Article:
Throughout his lifetime involvement in the standardbred industry, Lloyd Chisholm became known as a man of action. Many said that his real contribution to the sport was what he did for others. Chisholm’s generous legacy to harness racing in Ontario was the ultra-successful Ontario Sires Stakes program. Almost a decade before the first OSS race in 1974, Chisholm, who served as the first chairman of the Standardbred Improvement Association, was campaigning tirelessly to convince the necessary authorities that such a program was crucial to ensure the future of the industry in the province.
Chisholm was also instrumental in bringing about several other significant changes to the sport he loved. In the early 1960s a group of people wanted to build a racetrack in Nassagaweya Township. At that time he was the only person raising standardbreds in the area, so when local council sought his opinion, he went to John J. Mooney, president of the Ontario Jockey Club. Two days later the decision to build Mohawk was made. He also campaigned successfully to have a liquor license at Mohawk, which was a stone’s throw down the road from his Arawana Farm. It was a successful Guernsey cattle operation prior to becoming a home to standardbred trotters. Chisholm, who bought his first horse in 1954, sold his dairy herd in 1966. He stood Nevele Pride’s son, Laryngitis, at Arawana. Laryngitis’ best son was General D Brook, Canada’s representative in the 1985 International Trot. Chisholm’s favorite, however, was Arawana Snap Shot.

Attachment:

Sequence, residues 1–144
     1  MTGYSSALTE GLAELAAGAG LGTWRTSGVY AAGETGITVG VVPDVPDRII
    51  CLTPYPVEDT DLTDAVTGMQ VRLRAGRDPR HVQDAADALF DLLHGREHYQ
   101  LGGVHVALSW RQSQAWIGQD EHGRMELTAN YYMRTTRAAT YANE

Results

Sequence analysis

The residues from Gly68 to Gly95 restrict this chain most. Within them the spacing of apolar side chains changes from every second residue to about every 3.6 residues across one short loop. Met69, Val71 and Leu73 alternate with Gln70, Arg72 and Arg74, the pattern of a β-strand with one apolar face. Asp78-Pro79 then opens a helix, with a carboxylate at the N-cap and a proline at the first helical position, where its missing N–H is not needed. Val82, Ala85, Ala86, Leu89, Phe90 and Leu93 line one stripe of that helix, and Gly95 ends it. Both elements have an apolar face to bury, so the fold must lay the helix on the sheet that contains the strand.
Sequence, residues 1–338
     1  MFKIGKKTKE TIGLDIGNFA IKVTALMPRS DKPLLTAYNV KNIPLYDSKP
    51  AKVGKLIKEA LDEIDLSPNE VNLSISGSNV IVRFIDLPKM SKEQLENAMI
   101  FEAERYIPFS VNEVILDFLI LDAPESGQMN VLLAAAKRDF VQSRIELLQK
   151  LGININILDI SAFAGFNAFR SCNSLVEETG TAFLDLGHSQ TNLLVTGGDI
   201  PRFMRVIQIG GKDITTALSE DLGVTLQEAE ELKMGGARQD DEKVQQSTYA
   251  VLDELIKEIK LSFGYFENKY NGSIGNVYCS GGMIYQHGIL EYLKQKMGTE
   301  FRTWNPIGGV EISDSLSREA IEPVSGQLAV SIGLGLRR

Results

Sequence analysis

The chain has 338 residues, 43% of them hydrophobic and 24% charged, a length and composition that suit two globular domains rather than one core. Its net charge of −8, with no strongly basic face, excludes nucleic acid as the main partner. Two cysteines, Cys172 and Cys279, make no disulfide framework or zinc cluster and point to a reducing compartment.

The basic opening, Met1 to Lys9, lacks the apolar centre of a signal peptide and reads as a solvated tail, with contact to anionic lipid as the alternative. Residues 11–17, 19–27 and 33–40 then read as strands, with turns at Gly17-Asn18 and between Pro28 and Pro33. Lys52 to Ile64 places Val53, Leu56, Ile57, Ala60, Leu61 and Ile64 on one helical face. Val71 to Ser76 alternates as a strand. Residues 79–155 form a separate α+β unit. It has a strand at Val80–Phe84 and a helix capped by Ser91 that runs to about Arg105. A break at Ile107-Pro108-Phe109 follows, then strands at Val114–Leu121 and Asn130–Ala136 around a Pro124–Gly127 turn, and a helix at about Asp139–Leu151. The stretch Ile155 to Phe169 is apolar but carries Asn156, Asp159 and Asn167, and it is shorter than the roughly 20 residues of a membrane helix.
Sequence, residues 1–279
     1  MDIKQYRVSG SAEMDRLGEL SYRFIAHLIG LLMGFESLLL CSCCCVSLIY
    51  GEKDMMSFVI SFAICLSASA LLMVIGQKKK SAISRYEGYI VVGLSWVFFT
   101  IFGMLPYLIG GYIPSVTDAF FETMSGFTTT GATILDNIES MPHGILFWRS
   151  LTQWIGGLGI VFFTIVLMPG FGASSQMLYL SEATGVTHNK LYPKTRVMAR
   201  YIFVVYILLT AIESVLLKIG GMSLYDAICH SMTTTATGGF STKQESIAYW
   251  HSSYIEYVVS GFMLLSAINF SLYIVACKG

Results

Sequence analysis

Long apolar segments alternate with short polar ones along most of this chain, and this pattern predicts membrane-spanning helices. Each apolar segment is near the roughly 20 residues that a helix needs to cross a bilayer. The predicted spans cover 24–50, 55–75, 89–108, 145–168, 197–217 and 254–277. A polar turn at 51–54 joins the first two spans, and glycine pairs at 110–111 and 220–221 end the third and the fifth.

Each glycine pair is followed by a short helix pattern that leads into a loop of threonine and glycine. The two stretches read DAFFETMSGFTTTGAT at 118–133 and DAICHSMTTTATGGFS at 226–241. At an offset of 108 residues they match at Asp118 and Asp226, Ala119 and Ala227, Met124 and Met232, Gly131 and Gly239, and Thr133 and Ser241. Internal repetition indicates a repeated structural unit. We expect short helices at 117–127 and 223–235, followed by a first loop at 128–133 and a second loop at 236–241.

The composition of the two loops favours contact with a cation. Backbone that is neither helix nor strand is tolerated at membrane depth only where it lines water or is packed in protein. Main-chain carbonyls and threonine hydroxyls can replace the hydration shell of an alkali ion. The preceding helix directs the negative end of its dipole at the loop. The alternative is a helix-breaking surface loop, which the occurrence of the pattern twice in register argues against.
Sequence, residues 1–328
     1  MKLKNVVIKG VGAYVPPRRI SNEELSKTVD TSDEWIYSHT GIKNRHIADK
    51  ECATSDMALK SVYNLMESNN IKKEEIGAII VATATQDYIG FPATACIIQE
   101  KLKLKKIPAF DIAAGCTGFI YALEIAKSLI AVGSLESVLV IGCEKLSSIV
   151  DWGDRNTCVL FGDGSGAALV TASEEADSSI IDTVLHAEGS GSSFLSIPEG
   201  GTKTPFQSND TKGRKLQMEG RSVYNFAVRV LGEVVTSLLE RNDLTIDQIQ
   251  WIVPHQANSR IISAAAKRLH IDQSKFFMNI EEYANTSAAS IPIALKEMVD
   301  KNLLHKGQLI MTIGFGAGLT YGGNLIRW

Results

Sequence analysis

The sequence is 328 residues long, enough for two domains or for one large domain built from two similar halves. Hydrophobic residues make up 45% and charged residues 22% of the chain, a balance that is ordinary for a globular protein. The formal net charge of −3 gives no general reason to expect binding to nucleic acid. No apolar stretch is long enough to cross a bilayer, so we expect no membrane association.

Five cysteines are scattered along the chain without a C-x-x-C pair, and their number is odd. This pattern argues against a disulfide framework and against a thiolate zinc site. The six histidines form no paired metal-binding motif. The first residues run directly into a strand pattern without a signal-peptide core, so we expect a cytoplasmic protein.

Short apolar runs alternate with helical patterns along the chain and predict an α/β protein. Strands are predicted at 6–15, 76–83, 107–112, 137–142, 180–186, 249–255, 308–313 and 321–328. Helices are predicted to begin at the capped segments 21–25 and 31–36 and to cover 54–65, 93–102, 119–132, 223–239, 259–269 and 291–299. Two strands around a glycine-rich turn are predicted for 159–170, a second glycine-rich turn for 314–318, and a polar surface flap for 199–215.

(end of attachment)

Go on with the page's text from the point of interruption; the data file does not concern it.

“I’ve always been a little out-going,” reflected Chisholm in a 1991 interview. “I liked to see progress. I didn’t do it to reap the glory; I did it because it was best for the industry.” Chisholm, who died in 1992 at the age of 80, was deeply honored by his induction into the HOF, saying it was the height of his accomplishments which, coming from him, was saying a great deal. An award in his name is presented annually by the Standardbred Breeders Association.